CROWE CHIZEK NAMES MCGRATH TO LEAD FINANCIAL INSTITUTIONS GROUP: National firm Crowe Chizek & Co. has named J. Kevin McGrath managing executive of its Financial Institutions Group, succeeding Carl Bossung.

McGrath, who has been with Crowe Chizek since 1976, is based in the firm’s Indianapolis office. As managing executive, he will lead the 350-employee group, which serves more than 1,000 private and public financial institutions and financial services-related entities. Crowe Chizek ranks second nationally among accounting firms in the number of publicly traded financial institutions it audits.

McGrath has more than 25 years of experience working with financial institutions, providing accounting, auditing and consulting advice. He is a past member of the American Institute of CPAs’ National Committee for Banks and its Performance Measurement Committee.

Bossung, who held the post for 15 years, will stay on serving clients and will maintain involvement in various firm-wide committees, Crowe Chizek said. During Bossung’s tenure, FIG grew from $9 million to $57 million in revenue, from 70 to 350 staff, and from 200 to 1,000 clients.

PRINCIPAL SELLS MORTGAGE BIZ TO CITIGROUP: The Principal Financial Group Inc. sold its mortgage banking business to Citigroup for $1.26 billion, in a move aimed at sharpening its focus on its core business of providing retirement and employee benefit solutions for small and midsized companies. Under the terms of the agreement, Citigroup will acquire the stock of Principal Residential Mortgage Inc., and Principal Residential Mortgage employees will transfer to Citigroup at the close. The transaction, which has been approved by Principal’s board of directors, is expected to close in the third quarter, subject to regulatory approval.

“In addition to greater focus on our core businesses, we go forward from an improved capital position, with better financial flexibility and greater stability of earnings,” J. Barry Griswell, Principal’s chairman, president and chief executive, said in a statement.

The Fortune 500 company reported $149.8 billion in assets under management as of March 31. Principal, which expects after-tax net proceeds of about $710 million, said that it plans to use the money for growth in its core businesses, strategic acquisitions and share repurchases. The company’s board this week authorized the repurchase of up to $700 million of the company’s outstanding common stock. Principal said that it has completed approximately $253 million of the $300 million share repurchase program authorized by the board last May.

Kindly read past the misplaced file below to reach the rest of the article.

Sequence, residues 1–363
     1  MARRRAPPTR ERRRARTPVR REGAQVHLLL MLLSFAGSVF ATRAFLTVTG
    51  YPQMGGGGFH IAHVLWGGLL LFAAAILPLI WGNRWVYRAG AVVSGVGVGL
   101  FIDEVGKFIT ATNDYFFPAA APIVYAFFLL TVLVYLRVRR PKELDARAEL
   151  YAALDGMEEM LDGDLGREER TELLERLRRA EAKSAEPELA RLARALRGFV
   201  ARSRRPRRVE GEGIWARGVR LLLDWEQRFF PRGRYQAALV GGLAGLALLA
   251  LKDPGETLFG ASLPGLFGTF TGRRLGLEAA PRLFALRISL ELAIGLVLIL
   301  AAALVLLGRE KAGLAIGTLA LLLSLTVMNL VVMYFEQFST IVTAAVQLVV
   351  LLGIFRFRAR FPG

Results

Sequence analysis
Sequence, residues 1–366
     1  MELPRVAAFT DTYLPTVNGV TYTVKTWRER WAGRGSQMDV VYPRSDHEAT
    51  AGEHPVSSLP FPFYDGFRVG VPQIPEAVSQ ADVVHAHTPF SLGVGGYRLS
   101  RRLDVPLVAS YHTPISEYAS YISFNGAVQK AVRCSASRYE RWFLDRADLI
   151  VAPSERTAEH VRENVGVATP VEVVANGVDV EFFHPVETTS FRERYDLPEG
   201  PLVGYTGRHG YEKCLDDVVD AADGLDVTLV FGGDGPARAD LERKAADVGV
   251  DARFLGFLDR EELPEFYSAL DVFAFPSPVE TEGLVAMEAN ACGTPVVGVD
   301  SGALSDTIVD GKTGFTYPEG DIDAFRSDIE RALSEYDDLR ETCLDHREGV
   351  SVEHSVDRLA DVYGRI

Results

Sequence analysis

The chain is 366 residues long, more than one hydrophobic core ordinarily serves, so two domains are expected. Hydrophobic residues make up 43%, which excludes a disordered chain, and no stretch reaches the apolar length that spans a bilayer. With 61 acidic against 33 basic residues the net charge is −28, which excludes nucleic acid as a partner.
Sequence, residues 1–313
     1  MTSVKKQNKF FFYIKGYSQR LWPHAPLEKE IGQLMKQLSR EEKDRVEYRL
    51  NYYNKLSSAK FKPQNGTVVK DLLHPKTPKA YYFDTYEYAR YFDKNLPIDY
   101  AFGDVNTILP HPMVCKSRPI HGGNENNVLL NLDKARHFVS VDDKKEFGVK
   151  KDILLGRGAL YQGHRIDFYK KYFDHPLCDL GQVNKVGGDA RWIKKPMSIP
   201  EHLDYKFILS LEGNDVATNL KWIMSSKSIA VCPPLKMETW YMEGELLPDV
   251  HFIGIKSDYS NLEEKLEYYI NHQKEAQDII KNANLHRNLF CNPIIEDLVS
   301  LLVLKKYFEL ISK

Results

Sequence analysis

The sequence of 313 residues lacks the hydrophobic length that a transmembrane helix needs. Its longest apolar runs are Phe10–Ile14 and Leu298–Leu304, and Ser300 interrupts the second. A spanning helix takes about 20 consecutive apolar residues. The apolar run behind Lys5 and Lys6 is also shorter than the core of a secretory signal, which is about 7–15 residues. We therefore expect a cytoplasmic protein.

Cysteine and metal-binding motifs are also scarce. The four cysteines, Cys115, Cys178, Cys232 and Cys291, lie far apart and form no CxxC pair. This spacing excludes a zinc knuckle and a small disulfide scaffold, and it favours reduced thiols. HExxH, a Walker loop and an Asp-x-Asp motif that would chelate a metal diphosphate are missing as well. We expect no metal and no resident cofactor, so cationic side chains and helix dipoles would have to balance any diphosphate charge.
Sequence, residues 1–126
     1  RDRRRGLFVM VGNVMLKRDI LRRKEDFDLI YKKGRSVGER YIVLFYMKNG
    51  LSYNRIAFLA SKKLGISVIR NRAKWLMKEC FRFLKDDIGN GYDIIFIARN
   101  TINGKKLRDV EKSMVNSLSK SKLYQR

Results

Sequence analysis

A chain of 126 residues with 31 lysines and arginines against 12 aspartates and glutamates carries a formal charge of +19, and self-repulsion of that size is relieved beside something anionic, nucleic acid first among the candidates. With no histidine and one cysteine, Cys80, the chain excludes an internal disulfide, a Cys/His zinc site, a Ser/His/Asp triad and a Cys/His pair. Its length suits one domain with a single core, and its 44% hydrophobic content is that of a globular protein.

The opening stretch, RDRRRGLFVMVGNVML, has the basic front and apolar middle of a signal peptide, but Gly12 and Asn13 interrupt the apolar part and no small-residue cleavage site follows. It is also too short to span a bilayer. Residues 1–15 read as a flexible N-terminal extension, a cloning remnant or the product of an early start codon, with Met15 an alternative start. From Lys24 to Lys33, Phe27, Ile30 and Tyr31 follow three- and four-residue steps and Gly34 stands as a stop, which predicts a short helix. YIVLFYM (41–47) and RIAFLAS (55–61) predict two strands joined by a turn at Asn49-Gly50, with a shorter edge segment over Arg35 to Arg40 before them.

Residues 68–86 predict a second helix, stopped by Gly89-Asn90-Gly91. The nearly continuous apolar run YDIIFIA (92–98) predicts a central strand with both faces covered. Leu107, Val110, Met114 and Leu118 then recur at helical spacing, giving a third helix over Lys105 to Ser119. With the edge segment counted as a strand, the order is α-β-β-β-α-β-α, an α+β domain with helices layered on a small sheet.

FPA RAILS AGAINST SEC PROPOSAL: The Financial Planning Association has come out against a Securities and Exchange Commission proposal that would single out 12b-1 fees for deduction directly from mutual fund shareholders accounts.

The SEC proposed amending a rule to shift 12b-1 fees that are paid to broker/dealers and investment advisors from being an asset-based charge to a direct deduction from shareholders’ accounts. Under the SEC’s plan, investors would pay the fees through an automatic redemption of fund shares, and the amount of the payment would be shown on their quarterly statements.

In its comment, authored by FPA director of government relations Neil Simon, the FPA said, “By harshly illuminating 12b-1 fees with a laser-like beam, the approach suggested by the SEC is likely to shroud the context in which these fees appear. By directing disproportionate attention on 12b-1 fees, investors may lose sight of the more important issue, i.e., the total costs and expenses of the investment and the expense ratio.”

The FPA said that any requirement that fees be deducted directly from investor accounts “will lead to complicated tax liabilities for investors” and that the additional record-keeping requirements would add to “an already considerable administrative burden.”

In a separate comment, the FPA lent its support to an SEC proposal that would require mutual funds to impose a 2 percent fee on any redemption of fund shares within five days of their purchase.

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